Posted by: photochika42 | December 6, 2010

When one door closes, another one opens…

Public Citizen Building - Dupont Circle, Washington, D.C.

Jamaican Embassy - Dupont Circle, Washington, D.C.

Church of Scientology - Dupont Circle, Washington, D.C.

Council Building - Dupont Circle, Washington, D.C.

Beadazzled door - Dupont Circle, Washington, D.C.

Wayne Presbyterian Church, Wayne, PA

Washington Club - Dupont Circle, Washington D.C.


Responses

  1. Brianna’s photo essay is a look at different doors from around the city, and one from Pennsylvania. Brianna uses different colors, textures, styles, balances, and general differences to showcase the variety of building in our beautiful city. The shots are mostly medium and straight on. The title “When One Door Closes, Another One Opens” is very creative and well thought out. I am having trouble seeing the story behind the piece. I suppose the semiotics behind the piece are about diversity, and that our different building of D.C. represent the diversity we have here. However, the photos do not completely relate to eachother. Why is one door from Pennsylvania? Who is our audience? I love the lighting and angling on some of the pictures, but on others I do not see so much compositional variety. I would love to hear the artist’s insight into what the story is. I believe the work has intrinsic value, but I cannot put my finger on it. I love the idea of diversity, and the textures and colors in the photos are beautiful. However, I would need more synthesis in the general theme to understand the complete concept.

  2. This photo essay, as described by its title, presents a series of closed doors of important buildings. The only exception from this rule is the “Beadazzled” door, which is the entryway into a shop as opposed to a politically or culturally relevant building. The final image shows an open doorway to the Washington Club, suggesting, like the title, that while many doors might close, a few will always remain open.

    The photo of the Wayne Presbyterian Church is the most visually appealing. It uses many principles of photography, including juxtapositions of lines and curves, perspective, and the rule of thirds and captures the color in a dramatic way. First, the curved archway above the door and the contrasting straight lines of the doors themselves emphasize the religious purpose of the doorway by drawing attention to the building’s architecture. Next, the lines of the handrails use the principle of perspective to draw the eye toward the vanishing point, which lands on the black handle to open the door. Additionally, this dark black in these thin lines stands out from the lighter grey and cream tones, further emphasizing the journey up towards the doorway. The rule of thirds positions the doorway in the center third, with, of course, this darker black handle on the doors in the very center. Once again, this reflects a photographic skill to focus the eye on the action of walking up towards the entrance to this significant building. Over everything else, however, color truly stands out as the most dramatic element. The red doorway emphasizes the importance of the door to the entire essay and to this building. It provides a bold central focusing point for the viewer to look at and completes the journey up the stairs.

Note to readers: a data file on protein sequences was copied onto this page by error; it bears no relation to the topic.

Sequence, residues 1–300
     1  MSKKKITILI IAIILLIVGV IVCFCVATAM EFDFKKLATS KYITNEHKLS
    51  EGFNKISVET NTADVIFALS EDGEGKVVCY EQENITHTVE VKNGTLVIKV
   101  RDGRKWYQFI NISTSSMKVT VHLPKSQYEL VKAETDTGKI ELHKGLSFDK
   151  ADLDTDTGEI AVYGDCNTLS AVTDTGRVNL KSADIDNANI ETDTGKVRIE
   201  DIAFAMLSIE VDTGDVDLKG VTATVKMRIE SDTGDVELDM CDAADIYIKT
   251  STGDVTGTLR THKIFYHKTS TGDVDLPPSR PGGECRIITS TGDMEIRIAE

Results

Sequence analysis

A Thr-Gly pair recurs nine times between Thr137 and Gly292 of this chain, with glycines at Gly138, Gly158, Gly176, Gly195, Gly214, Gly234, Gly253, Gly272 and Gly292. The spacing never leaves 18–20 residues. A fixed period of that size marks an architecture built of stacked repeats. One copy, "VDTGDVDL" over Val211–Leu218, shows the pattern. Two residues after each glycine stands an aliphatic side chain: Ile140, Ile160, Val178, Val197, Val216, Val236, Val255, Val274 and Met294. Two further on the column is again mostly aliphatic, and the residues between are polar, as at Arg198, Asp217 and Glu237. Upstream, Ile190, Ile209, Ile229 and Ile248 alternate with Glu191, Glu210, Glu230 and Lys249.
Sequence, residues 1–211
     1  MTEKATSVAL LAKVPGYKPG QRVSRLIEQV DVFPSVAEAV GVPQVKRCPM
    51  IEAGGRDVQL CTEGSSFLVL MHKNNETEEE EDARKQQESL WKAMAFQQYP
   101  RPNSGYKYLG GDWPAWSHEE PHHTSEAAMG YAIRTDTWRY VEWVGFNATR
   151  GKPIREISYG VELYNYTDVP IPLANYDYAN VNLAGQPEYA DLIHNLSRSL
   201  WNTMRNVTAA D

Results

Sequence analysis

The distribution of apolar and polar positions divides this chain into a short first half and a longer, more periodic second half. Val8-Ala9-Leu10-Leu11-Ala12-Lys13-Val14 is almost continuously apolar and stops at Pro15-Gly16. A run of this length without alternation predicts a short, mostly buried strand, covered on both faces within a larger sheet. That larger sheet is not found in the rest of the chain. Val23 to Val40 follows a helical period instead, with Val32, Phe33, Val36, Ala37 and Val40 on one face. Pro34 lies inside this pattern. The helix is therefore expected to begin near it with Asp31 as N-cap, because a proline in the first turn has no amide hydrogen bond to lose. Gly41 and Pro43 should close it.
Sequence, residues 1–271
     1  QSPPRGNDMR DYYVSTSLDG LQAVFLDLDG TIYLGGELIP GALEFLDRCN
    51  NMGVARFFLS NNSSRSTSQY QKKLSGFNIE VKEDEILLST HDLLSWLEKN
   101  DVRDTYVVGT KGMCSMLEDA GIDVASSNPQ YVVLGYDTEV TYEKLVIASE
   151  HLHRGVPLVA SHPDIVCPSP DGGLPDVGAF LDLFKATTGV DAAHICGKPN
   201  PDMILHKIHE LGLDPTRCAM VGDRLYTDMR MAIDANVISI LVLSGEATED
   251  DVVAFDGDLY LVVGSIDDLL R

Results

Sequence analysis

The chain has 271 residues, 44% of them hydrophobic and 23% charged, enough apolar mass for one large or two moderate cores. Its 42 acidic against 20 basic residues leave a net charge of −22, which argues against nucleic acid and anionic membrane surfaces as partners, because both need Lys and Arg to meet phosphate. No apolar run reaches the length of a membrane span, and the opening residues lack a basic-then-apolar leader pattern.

Like the story in the Wayne Presbyterian Church photo, the entire essay guides the viewer to approach the various doors. Their central position in the photograph, with the line dividing the two doors typically dividing the photograph, suggests the importance of what is beyond the doors. The inclusion of light varies in the photographs, making some more visually interesting to look at than others but overall making the subject more interesting in its variety. The titling suggests one way to look at the progression of doors, and the open doorway at the end provides a nice conclusion, but just the simple examination of doors themselves makes these photos valuable. Considering doors as an important element of architecture is not typical—most people focus on the archways or columns of significant buildings. Including the “Beadazzled” doorway does take away from the overall theme slightly, but does add to this examination of the importance of doors. The way in which the photographer provides a new angle at the end also sums up this more simplistic analysis of the photographs, opening the door so the viewer can move through the doorway with a new perspective.

  3. Strolling through the streets of Washington, DC, there dozens of iconic buildings in which aspects of our civil society are contained. Though we often consider the architecture of these buildings, rarely do we focus on their doors, the portals through which civic leaders pass through daily. That’s what I liked most about this photo essay.

    Indeed, the designs of these doors are themselves a reference to visual design. The public citizen building’s door seems to represent strength with its heavy wood and square pillars. The Jamaican Embassy’s door embodies that country’s tropical nature with all the pomp and circumstance a door to an embassy deserves. The Church of Scientology’s door, placed back from the curb, seems to imply secrecy and exclusivity. Bedazzled’s door communicates cheap consumerism where the council building door highlights the annals of power. The Washington Club door seems to promote an idea of cold elitism, whereas the red warmth of the church’s door provides a portal through all.